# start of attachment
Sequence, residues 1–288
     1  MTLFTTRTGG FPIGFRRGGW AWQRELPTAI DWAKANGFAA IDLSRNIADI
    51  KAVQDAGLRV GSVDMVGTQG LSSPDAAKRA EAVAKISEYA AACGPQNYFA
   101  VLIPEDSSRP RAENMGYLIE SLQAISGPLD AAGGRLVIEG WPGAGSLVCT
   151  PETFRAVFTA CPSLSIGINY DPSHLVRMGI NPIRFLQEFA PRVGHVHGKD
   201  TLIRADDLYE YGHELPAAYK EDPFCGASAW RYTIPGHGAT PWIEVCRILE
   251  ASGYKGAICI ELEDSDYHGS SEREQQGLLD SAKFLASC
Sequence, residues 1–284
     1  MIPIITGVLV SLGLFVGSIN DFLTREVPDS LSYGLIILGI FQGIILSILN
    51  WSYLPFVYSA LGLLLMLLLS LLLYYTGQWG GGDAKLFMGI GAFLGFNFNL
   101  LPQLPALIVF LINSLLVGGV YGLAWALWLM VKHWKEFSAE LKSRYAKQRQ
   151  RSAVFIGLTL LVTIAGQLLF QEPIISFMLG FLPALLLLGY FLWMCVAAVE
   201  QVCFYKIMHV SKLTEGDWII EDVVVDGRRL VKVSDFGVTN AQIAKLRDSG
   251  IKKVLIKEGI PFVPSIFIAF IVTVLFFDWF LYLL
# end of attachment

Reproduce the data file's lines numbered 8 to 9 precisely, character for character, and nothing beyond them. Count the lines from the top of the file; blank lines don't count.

Sequence, residues 1–284
     1  MIPIITGVLV SLGLFVGSIN DFLTREVPDS LSYGLIILGI FQGIILSILN